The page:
Endometrial thickness is a commonly measured parameter on routine gynecological ultrasound and MRI. The appearance, as well as the thickness of the endometrium, will depend on whether the patient is of reproductive age or postmenopausal and, if of reproductive age, at what point in the menstrual cycle they are examined.
The endometrium should be measured in the long axis or sagittal plane, ideally on transvaginal scanning, with the entirety of the endometrial lining through to the endocervical canal in view. 10 The measurement is of the thickest echogenic area from one basal endometrial interface across the endometrial canal to the other basal surface. Care should be taken not to include hypoechoic myometrium or intrauterine fluid in this measurement.
The normal endometrium changes in appearance as well as in thickness throughout the menstrual cycle:
- in the menstrual and early proliferative phase it is a thin, brightly echogenic stripe comprising of the basal layer (figure 1); minimal fluid can be appreciated endovaginally within the endometrium in the menstrual phase
- in the late proliferative phase it develops a trilaminar appearance: outer echogenic basal layer, middle hypoechoic functional layer, and an inner echogenic stripe at the central interface (figure 2).
- in the secretory phase it is at its thickest, up to 16 mm 10, and becomes uniformly echogenic, as the functional layer becomes edematous and isoechoic to the basal layer (figure 3); there is through transmission and posterior acoustic enhancement noted
The postmenopausal endometrium should be smooth and homogeneous.
Normal range of endometrial thickness
The designation of normal limits of endometrial thickness rests on determining at which thickness the risk of endometrial carcinoma is significantly increased.
Whilst quantitative assessment is important, endometrial morphology and the presence of risk factors for endometrial malignancy should also be taken into account when deciding whether or not endometrial sampling is indicated.
Commonly accepted endovaginal ultrasound values are as follows:
In premenopausal patients, there is significant variation at different stages of the menstrual cycle.
- during menstruation: 2-4 mm 1,4
- early proliferative phase (day 6-14): 5-7 mm
- late proliferative / preovulatory phase: up to 11 mm
- secretory phase: 7-16 mm
- following dilatation and curettage or spontaneous abortion: <5 mm, if it is thicker consider retained products of conception
Please note that these measurements are a guide only, as endometrial thickness may be variable from individual to individual.
The postmenopausal endometrial thickness is typically less than 5 mm in a postmenopausal woman, but different thickness cut-offs for further evaluation have been suggested.
- vaginal bleeding (and not on tamoxifen):
- suggested upper limit of normal is <5 mm 5
- the risk of carcinoma is ~7% if the endometrium is >5 mm and 0.07% if the endometrium is <5 mm 8
- on hormonal replacement therapy: upper limit is 5 mm
- no history of vaginal bleeding:
- the acceptable range of endometrial thickness is less well established in this group, cut-off values of 8-11 mm have been suggested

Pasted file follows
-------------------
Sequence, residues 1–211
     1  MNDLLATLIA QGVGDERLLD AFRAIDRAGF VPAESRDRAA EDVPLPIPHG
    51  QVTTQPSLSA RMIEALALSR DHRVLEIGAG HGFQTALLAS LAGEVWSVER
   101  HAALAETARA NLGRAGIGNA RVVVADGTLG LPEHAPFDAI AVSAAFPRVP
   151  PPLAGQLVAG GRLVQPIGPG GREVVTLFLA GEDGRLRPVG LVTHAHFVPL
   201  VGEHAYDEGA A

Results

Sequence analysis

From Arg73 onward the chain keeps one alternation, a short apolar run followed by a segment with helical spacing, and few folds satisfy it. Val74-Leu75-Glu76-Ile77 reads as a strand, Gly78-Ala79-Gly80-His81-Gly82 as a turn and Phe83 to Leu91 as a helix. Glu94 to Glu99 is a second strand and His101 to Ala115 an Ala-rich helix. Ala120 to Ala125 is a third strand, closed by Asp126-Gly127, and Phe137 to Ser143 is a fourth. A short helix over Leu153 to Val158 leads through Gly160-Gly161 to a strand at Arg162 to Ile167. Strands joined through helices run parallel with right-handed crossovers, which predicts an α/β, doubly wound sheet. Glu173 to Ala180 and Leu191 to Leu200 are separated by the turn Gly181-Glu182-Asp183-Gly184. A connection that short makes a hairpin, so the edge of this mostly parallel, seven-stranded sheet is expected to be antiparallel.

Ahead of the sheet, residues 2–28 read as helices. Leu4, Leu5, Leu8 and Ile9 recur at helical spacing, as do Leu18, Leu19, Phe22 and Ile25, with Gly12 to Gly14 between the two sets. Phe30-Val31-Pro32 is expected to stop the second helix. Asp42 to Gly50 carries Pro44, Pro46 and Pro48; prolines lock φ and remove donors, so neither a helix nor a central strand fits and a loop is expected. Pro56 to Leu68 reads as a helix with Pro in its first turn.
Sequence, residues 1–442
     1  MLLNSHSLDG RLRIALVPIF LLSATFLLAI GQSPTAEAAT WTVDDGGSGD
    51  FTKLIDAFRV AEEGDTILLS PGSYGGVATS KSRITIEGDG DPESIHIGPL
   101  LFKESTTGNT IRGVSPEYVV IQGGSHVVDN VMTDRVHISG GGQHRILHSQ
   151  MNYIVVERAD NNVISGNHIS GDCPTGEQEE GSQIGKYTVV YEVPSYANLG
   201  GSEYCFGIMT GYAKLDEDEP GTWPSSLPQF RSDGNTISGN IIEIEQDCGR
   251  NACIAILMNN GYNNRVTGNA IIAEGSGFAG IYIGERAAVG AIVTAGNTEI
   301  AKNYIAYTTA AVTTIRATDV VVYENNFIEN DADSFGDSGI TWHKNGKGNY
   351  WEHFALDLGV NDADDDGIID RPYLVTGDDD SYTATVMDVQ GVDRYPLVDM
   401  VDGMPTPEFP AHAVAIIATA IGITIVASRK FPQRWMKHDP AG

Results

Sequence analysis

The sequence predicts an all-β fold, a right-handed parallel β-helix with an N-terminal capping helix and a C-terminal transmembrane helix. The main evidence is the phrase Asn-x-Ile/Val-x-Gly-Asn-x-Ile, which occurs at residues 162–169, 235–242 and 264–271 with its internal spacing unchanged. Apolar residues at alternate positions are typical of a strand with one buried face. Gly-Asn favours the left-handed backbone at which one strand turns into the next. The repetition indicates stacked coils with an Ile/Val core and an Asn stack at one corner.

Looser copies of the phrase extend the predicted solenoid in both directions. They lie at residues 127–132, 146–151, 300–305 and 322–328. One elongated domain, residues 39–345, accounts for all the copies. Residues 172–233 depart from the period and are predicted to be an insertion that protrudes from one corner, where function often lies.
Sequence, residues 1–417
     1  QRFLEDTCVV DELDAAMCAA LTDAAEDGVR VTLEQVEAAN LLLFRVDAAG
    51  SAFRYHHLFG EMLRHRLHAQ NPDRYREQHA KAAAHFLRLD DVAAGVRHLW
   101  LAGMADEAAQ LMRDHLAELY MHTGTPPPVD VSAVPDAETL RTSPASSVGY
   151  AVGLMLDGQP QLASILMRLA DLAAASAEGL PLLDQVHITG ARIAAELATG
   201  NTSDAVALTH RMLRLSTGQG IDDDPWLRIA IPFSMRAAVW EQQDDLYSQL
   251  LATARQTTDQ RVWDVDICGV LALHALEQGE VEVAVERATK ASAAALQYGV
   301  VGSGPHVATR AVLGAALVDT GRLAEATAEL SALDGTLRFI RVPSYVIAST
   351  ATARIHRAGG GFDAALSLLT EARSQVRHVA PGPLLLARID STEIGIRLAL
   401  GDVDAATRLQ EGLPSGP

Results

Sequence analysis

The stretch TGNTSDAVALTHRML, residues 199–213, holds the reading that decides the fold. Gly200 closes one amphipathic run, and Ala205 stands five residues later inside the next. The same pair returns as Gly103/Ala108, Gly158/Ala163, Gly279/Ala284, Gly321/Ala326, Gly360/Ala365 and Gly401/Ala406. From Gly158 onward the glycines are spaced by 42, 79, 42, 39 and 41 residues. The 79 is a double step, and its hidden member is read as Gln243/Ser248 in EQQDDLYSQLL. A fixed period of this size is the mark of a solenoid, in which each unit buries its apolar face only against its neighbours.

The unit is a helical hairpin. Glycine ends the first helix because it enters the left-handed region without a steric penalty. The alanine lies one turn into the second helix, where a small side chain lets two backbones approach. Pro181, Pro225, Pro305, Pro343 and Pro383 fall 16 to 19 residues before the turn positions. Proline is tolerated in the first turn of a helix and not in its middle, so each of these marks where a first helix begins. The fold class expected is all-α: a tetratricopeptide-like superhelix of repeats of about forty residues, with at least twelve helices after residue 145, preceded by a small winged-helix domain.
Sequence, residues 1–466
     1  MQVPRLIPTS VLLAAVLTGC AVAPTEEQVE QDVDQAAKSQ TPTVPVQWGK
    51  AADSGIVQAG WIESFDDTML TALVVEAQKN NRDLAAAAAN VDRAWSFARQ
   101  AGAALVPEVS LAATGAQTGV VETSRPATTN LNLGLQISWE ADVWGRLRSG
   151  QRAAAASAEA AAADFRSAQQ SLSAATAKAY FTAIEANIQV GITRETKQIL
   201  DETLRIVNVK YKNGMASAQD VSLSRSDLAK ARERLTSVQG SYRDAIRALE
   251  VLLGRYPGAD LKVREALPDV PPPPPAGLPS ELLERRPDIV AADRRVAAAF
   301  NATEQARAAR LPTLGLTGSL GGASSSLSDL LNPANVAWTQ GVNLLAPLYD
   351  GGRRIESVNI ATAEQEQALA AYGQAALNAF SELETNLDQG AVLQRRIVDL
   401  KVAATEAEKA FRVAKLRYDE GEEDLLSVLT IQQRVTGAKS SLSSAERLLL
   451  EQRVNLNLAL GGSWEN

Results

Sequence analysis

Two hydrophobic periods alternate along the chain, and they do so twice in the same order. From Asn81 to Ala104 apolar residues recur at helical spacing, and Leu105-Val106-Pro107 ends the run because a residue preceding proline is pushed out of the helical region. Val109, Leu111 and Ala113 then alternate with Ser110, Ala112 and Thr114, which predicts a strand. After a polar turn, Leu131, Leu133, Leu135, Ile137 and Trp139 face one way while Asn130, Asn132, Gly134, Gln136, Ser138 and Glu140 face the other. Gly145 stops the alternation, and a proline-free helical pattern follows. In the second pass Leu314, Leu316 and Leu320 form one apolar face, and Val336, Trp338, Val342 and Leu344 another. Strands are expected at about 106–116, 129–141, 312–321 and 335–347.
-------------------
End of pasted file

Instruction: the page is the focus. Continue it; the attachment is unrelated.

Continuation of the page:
- the risk of carcinoma is ~7% if the endometrium is >11 mm, and 0.002% if the endometrium is <11 mm 8
- if on tamoxifen 3: <5 mm (although ~50% of those receiving tamoxifen have been reported to have a thickness of >8 mm 7)
If a woman is not experiencing bleeding, and the endometrium is thickened, the guidelines are less clear. Either a repeat transvaginal ultrasound or a referral to a gynecologist is reasonable.
Endometrial thickness is well assessed on MRI. Measurement should be taken at a mid-sagittal slice, similar to the ultrasound assessment plane.
- T2: normal endometrium is homogeneously hyperintense regardless of the phase of the menstrual cycle or menopausal status and well outlined by the low signal myometrial junctional zone
- 1. Nalaboff KM, Pellerito JS, Ben-levi E. Imaging the endometrium: disease and normal variants. Radiographics. 21 (6): 1409-24. Radiographics (full text) - Pubmed citation
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- 7. Hann LE, Giess CS, Bach AM et-al. Endometrial thickness in tamoxifen-treated patients: correlation with clinical and pathologic findings. AJR Am J Roentgenol. 1997;168 (3): 657-61. AJR Am J Roentgenol (abstract) - Pubmed citation
- 8. Smith-bindman R, Weiss E, Feldstein V. How thick is too thick? When endometrial thickness should prompt biopsy in postmenopausal women without vaginal bleeding. Ultrasound Obstet Gynecol. 2004;24 (5): 558-65. doi:10.1002/uog.1704 - Pubmed citation
- 9. J Obstet Gynaecol Can 2010; 32 (10) 990-999. SOGC Clinical Practice Guideline. No 249, October 2101.
- 10. Gupta A, Desai A, Bhatt S. Imaging of the Endometrium: Physiologic Changes and Diseases: Women's Imaging. (2017) Radiographics : a review publication of the Radiological Society of North America, Inc. 37 (7): 2206-2207.
- 11. T. Van Den Bosch, J. Y. Verbakel, L. Valentin, L. Wynants, B. De Cock, M. A. Pascual, F. P. G. Leone, P. Sladkevicius, J. L. Alcazar, A. Votino, R. Fruscio, C. Lanzani, C. Van Holsbeke, A. Rossi, L. Jokubkiene, M. Kudla, A. Jakab, E. Domali, E. Epstein, C. Van Pachterbeke, T. Bourne, B. Van Calster, D. Timmerman. Typical ultrasound features of various endometrial pathologies described using International Endometrial Tumor Analysis (IETA) terminology in women with abnormal uterine bleeding. (2021) Ultrasound in Obstetrics & Gynecology. 57 (1): 164. doi:10.1002/uog.22109
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